1 liter of diesel fuel is denser than gasoline, and it's molecules contain more carbon relative to hydrogen. In total 1 liter of (european) diesel produced 2,68 kg CO2, while 1 liter of gasoline emits only 2,32 kg of CO2.

Around here in europe, the average gasoline car uses about 9 l/100 km, while a diesel vehicle gets away with 7 l/100 km.

CO2 - wise, these numbers become ~210 g/km for gasoline and 188 g/km for diesel - only a mere 10% advantage for diesel.

But as you correctly stated, the PM & NOx emissions are very likely the true killer. The equipment needed to control these could easily eat up all the remaining diesel advantage, CO2 wise.

The Prius II is already on-par on CO2 per kilometer with diesel vehicles one or two class(es) smaller than itself.

*but* diesel fuel is much cheaper per liter in most european countries. In those where it isn't, the hybrids sell overproportionally fast, in the european comparison.

However, a diesel engine itself is about 50 kg heavier than a equal performance gasoline engine, and more complex (due to more support systems, like turbo-chargers, common-rail high-pressure systems, exhaust recirculation systems and so on). In effect, a diesel is more costly to produce.

When hybrid production (mainly the batteries) is up on the same volume as diesels, the additional cost of a hybrid drivetrain over a standard gasoline drivetrain will probably be less than the current additional cost of a diesel drivetrain.

Only for heavy-duty applications, like trucks, busses, railway engines, a true diesel hybrid drivetrain would make economical sense. These vehicles operate almost around the clock, and some (busses) in situations were a hybrid really is made for, so that doubled additional cost can be recovered quickly in reduced fuel expenses...

Richard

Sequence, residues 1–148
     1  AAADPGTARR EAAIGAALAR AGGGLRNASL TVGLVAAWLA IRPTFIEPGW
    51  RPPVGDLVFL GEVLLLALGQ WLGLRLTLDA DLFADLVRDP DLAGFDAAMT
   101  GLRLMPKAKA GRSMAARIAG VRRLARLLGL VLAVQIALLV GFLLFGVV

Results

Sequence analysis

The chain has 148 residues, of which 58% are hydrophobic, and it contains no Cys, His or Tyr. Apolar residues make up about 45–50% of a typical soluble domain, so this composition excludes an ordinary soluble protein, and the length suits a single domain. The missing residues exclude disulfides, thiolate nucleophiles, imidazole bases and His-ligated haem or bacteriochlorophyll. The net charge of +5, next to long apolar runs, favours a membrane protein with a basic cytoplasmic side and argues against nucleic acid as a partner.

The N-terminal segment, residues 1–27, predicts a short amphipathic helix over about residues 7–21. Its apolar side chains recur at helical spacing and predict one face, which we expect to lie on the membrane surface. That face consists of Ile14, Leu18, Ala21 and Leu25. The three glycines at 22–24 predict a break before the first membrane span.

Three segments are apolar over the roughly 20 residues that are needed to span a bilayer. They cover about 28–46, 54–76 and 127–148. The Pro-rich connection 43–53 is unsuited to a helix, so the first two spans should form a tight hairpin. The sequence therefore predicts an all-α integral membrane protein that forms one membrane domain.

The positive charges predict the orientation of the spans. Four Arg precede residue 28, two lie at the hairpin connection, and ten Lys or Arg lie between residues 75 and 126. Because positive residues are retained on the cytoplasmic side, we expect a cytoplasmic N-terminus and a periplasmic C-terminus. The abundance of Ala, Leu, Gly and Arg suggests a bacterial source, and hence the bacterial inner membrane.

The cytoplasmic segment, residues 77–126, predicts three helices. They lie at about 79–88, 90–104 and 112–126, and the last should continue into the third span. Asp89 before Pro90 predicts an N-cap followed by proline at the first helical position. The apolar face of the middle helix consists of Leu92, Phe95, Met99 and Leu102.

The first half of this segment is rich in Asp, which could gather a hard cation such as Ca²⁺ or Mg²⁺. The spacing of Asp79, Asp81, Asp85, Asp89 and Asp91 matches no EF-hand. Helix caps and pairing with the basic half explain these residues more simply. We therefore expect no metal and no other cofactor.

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Diesel is most efficient in part throttle operation. Hybrid is most effective in start/stop and energy capture (downhill, varying speed) operation.

Weight disadvantage? 200 pound heavier E320CDI yields 50% better mileage with increase in performance.

Cost? Hybrids, with second motor, complex electronics, batteries have to exceed diesels. Common rail high pressure fuel system is also in new cars (FSI Audis, VWs, MB 350, 760 and to be announced BMWs). Turbo/supercharging is on may petrol engines. Over time many expensive components (ECUs, knock &O2 sensors, FI) have all been absorbed because of increased performance (power, efficency, emissions).

No, the diesel/hybrid combination will be best.
 

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Also, to shed more light on the original question of why Prius etc use gas and not diesel, I should have pointed out that Japanese motorists are strongly opposed to diesel - you won't find many diesel cars over there! For them, air quality is much more significant than outright fuel economy, due to the very dense urban population and resulting sensitivity to exhaust emissions - so use of diesel is frowned upon.